D.C. Mayor Orders Police Not to Check Immigration Statuses, Even in Arrests
The nation's capital has officially become the latest safe haven for illegal immigrants.
District of Columbia Mayor Vincent Gray on Wednesday signed an executive order instructing police officers not to question people about their immigration status -- even people who are arrested on other matters -- unless immigration status is directly related to a criminal investigation.
"This executive order ensures public safety by ensuring that our police resources are deployed wisely and our immigrant communities feel safe cooperating with those who are sworn to protect them," Gray said in a statement.
"The district is home to thousands of immigrants," he added. "If they are afraid to cooperate with authorities on criminal investigations because they fear it might endanger their presence in the United States or the presence of a loved one, then it endangers their public safety and that of our entire city."
Although district officials say the order only confirms a longstanding policy, critics still blasted the move.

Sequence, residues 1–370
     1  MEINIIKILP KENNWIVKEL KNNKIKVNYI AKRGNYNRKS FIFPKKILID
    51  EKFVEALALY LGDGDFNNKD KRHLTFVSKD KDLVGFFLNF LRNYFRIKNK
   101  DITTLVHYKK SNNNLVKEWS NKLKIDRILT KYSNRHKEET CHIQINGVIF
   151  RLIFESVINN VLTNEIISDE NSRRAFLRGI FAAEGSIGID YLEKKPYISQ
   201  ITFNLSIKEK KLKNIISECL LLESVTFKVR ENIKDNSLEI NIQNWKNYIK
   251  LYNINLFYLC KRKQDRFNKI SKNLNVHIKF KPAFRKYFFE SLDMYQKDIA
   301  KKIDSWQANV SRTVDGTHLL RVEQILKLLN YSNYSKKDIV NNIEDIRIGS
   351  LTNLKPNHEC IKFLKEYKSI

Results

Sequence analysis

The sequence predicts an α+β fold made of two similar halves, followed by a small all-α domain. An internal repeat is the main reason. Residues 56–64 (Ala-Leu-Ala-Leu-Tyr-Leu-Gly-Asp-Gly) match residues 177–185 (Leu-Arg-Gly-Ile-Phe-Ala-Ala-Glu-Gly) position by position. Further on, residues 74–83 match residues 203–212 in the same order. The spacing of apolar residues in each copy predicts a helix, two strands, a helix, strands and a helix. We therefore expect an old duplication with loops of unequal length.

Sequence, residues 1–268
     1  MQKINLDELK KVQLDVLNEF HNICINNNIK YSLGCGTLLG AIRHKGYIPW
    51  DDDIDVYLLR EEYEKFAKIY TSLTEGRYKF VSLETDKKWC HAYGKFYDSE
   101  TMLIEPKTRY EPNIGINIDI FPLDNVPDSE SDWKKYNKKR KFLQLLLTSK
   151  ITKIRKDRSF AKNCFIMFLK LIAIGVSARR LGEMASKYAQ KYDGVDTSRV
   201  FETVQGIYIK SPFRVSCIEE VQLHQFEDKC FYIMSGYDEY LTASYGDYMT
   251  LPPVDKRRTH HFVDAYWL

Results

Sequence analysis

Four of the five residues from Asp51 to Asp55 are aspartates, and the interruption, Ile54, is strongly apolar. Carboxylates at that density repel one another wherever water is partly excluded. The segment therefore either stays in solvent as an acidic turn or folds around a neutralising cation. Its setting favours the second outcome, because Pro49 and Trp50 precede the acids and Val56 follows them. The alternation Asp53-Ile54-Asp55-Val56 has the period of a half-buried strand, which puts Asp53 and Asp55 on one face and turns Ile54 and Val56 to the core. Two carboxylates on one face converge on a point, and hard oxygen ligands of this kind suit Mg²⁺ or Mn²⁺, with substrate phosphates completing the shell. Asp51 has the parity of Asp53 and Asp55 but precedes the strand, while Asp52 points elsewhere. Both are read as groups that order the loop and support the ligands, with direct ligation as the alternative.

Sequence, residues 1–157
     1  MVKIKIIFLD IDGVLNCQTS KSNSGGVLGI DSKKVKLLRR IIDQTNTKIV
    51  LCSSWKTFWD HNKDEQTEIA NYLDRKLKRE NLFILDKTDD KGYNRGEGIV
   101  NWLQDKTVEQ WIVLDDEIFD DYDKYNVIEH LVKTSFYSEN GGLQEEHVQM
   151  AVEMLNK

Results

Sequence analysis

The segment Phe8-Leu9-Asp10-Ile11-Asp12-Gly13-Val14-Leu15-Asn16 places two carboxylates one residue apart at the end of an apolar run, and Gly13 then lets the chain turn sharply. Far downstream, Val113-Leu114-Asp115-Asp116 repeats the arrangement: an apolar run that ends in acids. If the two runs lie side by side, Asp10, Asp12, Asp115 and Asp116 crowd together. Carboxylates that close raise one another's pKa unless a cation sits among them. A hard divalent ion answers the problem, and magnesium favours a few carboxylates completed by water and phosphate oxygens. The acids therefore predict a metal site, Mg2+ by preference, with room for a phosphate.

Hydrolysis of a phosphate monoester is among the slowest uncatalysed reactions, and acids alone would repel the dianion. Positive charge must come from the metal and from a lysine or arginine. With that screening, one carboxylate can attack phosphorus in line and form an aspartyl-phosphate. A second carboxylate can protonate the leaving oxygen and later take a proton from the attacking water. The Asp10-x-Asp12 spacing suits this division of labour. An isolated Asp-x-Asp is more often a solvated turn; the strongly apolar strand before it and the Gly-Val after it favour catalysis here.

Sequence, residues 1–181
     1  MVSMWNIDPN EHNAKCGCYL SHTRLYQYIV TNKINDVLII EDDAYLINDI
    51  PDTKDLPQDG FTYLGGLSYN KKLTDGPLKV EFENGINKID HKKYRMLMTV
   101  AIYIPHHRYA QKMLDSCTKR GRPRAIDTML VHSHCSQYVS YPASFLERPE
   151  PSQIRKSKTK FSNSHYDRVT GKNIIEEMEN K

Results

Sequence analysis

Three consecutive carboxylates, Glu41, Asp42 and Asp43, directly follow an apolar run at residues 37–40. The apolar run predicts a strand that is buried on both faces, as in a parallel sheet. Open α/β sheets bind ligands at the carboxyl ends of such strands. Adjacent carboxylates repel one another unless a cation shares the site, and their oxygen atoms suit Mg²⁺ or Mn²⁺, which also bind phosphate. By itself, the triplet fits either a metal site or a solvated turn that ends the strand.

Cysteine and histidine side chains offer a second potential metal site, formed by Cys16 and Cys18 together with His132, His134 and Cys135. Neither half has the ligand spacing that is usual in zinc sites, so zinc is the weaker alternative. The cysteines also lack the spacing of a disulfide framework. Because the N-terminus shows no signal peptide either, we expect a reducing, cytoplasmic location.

"This is an abomination," said Corey Stewart, the Republican chairman-at-large of Prince William County of Virginia, which is about 25 miles south of D.C. Stewart's county has sued the Department of Homeland Security twice, seeking information on 4,000 illegal immigrants that the county has arrested and turned over to Homeland Security for deportation.
"This is the capital of the United States," Stewart told FoxNews.com, "and to have the nation's capital as a sanctuary city where essentially federal law is not going to be enforced sends all the wrong messages -- not just in the United States but around the world."
The term "sanctuary city" is used to describe places where local officials refuse to enforce federal immigration laws and undocumented workers are free to seek jobs, housing or local government services without fear of deportation unless targeted by federal agencies.
Deputy Mayor for Public Safety Paul Quander said the order does not mean the district is opting out of a mandatory federal program called Secure Communities, which directs local agencies to share fingerprints collected from people in local jails with the Department of Homeland Security. The program is expected to be in place nationwide by 2013.
But Stewart noted Secure Communities is only relevant once people are arrested and jailed.
"So the fact they they're going to comply with Secure Communities is of little consequence."
In signing the order, Gray said he wanted to clarify that the local police in district are not in the business of enforcing federal immigration laws.
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